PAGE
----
A Conceptual Overview explains that medical humanities encompass creative forms such as music, art, and dance. They aid in bridging a divide in the subject by broadening students' thinking abilities and research capabilities in the medical sciences (Katz, 610). The main section of medical humanities was established in 1948 at the University of New York. Still, that documented direction in the Medicine Department at Johns Hopkins University began in the 1930s. He believes that medical humanities should go beyond its mechanical views to delve deeper into the societal circumstances behind the disease, allowing people to adjust to them. The goal of combining clinical sciences and humanities aims to provide a more comprehensive fundamental understanding that had previously been lacking in ordinary clinical teaching. Dolan says that including societies in medical experience will help reduce the demands of rote memorization and emphasize the cultural environment influencing human services delivery and emotional serenity.
Impact of Medical Humanities on Medicine
Medical humanities offer knowledge of human circumstances, disease and pain, self-perception, professionalism, and obligations to oneself and others, patients and colleagues. Medical Humanities encompasses all disciplines that are essential for the formal education of prospective physicians. In reality, many educated individuals and working in the medical sciences are part of the medical humanities (Barron, 473). Medical humanities, by definition, is a multidisciplinary endeavor. Due to a perceived deficiency in the medical sciences to educate medical practitioners, all they need to understand is to treat a patient, and health professionals have resorted to 154 humanities. Humanists see medicine as a location where fundamental issues are confronted directly in the person. Medical humanities rely on cross-disciplinary discussions and partnerships that directly affect how healthcare is perceived and practiced.
Within the wave of transition in medicine and science, there is a growing awareness that fundamental aspects of medicine like establishing more profound relationships with patients and fostering compassion and perseverance are founded on the humanities and arts. Experts propose that including humanities and arts in medical training may help learners acquire essential characteristics, including competence, consciousness, social skills, and formative assessment (Appleby, 573). Medical humanities could bridge the gap between patient practice and the societies fostering interdisciplinary education and investigation to improve patient care via a more comprehensive approach.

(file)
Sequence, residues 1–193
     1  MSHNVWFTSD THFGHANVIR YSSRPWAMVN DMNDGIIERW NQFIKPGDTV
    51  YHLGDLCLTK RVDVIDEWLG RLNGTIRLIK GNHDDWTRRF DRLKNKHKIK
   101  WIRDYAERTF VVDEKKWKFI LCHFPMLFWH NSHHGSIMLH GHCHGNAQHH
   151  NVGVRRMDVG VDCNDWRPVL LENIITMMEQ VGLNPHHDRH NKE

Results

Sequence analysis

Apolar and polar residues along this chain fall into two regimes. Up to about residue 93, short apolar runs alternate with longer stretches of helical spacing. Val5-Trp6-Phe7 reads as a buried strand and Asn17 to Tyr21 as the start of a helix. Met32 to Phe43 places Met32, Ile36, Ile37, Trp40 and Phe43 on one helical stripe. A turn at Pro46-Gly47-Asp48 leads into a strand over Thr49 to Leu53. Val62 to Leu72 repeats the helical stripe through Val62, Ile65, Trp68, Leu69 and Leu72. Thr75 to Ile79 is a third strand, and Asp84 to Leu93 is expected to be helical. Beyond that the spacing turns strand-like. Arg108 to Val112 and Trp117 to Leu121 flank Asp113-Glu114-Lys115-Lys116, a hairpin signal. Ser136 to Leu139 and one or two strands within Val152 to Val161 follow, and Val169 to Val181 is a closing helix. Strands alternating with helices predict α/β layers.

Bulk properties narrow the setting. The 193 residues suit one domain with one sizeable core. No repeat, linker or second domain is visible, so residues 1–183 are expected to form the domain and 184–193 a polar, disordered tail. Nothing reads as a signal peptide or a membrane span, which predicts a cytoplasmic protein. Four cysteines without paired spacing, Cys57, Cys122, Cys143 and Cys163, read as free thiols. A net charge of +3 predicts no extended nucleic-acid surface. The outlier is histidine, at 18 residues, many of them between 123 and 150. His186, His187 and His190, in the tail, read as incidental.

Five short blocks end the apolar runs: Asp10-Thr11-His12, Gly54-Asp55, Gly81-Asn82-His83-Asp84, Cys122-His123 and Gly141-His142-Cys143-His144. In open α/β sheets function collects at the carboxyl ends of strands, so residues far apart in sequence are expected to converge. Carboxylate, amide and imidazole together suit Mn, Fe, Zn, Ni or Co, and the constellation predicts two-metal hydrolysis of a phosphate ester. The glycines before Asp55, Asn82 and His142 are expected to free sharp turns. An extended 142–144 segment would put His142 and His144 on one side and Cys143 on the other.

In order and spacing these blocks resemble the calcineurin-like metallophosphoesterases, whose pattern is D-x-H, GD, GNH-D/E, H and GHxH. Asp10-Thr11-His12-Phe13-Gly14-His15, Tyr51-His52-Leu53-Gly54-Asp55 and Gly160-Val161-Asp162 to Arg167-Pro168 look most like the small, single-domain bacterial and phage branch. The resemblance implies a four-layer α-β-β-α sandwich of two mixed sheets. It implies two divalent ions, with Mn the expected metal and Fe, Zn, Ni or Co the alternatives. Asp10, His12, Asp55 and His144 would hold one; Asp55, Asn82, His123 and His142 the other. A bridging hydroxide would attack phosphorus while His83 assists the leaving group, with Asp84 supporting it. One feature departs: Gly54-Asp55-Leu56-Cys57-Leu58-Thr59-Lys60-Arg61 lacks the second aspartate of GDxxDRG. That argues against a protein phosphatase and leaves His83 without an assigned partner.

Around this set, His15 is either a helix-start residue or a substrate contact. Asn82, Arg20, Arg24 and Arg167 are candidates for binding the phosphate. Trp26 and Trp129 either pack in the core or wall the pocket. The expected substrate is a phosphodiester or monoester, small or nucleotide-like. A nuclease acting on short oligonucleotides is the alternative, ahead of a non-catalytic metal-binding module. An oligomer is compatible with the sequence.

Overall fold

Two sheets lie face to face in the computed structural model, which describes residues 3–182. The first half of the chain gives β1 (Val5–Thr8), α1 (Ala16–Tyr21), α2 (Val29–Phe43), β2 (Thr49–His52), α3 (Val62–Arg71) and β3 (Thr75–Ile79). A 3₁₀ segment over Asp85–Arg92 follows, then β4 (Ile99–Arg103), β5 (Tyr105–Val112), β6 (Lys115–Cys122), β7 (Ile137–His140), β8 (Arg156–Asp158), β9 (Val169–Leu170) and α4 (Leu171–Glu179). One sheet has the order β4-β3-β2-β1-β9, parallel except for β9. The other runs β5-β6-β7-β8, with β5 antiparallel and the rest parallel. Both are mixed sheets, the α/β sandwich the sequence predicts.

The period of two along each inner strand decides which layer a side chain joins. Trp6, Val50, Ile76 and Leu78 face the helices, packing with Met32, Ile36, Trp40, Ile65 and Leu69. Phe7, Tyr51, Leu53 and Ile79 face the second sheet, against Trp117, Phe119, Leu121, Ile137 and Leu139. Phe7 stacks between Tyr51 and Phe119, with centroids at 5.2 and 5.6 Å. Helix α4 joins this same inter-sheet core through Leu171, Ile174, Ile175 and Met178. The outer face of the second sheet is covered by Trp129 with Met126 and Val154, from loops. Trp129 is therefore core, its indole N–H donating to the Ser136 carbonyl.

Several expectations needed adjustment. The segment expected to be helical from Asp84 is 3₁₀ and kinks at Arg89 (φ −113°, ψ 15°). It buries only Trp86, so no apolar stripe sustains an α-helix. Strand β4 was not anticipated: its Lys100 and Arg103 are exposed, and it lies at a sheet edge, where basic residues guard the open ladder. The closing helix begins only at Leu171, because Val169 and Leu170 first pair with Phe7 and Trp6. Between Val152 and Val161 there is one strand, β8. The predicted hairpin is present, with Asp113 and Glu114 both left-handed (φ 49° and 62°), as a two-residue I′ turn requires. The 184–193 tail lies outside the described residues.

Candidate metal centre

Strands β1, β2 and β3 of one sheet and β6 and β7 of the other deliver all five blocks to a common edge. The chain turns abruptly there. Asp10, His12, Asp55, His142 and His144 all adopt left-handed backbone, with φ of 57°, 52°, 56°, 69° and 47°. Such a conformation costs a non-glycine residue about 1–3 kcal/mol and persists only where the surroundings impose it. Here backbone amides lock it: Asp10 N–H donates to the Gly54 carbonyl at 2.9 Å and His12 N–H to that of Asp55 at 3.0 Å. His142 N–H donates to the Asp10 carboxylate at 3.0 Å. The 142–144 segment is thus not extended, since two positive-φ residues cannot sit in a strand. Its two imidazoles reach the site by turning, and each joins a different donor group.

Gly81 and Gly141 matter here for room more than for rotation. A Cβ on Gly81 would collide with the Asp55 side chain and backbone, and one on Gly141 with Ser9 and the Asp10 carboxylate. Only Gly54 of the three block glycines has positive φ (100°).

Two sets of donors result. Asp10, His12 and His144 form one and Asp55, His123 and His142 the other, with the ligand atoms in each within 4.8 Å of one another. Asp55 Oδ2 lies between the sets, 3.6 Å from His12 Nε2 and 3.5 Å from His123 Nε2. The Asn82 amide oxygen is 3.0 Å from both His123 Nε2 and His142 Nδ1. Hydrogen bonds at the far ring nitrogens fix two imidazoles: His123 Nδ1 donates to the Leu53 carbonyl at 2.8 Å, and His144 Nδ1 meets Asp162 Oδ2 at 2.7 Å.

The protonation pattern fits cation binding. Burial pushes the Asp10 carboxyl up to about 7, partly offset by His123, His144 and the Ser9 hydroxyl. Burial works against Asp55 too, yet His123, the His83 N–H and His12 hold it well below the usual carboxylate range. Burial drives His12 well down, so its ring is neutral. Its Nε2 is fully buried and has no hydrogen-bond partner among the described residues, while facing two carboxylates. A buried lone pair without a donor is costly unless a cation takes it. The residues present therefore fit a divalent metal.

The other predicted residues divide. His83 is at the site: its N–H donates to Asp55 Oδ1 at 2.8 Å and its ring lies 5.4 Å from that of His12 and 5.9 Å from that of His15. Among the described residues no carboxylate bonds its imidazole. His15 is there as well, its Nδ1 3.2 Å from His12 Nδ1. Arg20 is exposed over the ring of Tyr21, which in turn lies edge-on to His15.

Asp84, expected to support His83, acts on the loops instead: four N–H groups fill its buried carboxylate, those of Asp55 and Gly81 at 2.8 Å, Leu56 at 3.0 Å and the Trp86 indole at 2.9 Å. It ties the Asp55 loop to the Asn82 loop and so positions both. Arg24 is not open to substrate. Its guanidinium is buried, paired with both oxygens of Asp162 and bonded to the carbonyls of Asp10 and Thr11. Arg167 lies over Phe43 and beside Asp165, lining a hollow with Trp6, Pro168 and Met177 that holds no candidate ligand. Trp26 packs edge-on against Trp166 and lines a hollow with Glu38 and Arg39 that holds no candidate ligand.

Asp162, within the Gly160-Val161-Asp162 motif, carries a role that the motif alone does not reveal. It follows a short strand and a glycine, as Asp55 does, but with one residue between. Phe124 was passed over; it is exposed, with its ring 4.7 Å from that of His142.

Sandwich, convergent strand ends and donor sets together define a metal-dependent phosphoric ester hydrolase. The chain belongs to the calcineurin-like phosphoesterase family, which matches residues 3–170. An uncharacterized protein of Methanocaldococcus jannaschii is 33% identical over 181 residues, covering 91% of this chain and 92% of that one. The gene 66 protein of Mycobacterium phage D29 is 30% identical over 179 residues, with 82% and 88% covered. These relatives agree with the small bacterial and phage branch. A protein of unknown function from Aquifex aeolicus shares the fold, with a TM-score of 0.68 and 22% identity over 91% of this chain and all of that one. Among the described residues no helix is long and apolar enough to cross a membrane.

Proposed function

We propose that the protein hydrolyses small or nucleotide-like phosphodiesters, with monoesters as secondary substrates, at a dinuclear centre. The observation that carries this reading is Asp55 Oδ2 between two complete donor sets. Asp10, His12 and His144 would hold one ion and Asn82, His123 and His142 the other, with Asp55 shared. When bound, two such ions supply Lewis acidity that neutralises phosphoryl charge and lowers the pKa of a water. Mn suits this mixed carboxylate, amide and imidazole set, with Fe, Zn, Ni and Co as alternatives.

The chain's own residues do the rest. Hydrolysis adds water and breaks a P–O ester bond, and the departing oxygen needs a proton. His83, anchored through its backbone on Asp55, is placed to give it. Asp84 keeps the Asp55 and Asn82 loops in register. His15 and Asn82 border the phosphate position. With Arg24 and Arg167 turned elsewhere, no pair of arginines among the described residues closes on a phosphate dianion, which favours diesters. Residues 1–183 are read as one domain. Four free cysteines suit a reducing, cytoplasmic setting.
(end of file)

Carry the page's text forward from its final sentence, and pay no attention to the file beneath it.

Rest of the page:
Accordingly, medical humanities emphasize professionalism, interpersonal and social competences in medical education. According to Katz (476), medical humanities may help people build professional and personal principles. Medical humanities contribute to the definition of what it implies to reason like a physician. Information regarding medical societies assisting doctors and students in coping with and reducing stress, mitigating burnout, fostering resilience, and promoting wellness is emerging (Appleby, 572). The exposure of medical practitioners to humanities, which correlates with good personal characteristics and decreased burnout, will enhance competence.
In this Discourse, incorporating medical humanities into medical practice may help integrate the scientific and humanistic, ideally improving the health of both professional caregivers and patients, restoring the essential balance to medical knowledge and practice.  The goal of medical knowledge is to produce competent doctors. To do this, it should transfer information and skills while instilling medical attitudes and values in a productive and meaningful manner. Biomedical sciences programs now dominate the medical education curriculum since advances in molecular and cell biology has necessitated increasing their instruction within the coursework.  Traditional and contemporary techniques, including virtual reality and simulations, have been utilized at medical institutions throughout the globe to ensure that medical students acquire theoretical concepts and skills. As a result, students are under enormous pressure to obtain the theoretical understanding and abilities of basic medical training, which frequently results in stress syndrome (Peterkin, 147). Such information, by definition, strengthens confidence in the sequence and reliability of treatment and diagnosis. Because medical students invest most of their hours remembering and digesting knowledge, lack of motivation and deep reflection puts the acquisition of a pragmatic strategy to clinical practice at risk.
Evidence-based medicine (EBM) now dominates medical practice. It consists of three components: the scientific theory, the ever-expanding body of data, and the optimal professional medical training. EBM combines the most recent research with clinical knowledge and patient preferences. It employs an analytical technique to data derived via quantitative methods (Patterson et al., 115). Medicine is governed by solving problems, and learners may devote all of their talent and effort to discovering just one right solution, neglecting to consider broader issues about their position as healthcare professionals. As a result, medical students' basic humanitarian impulses go u...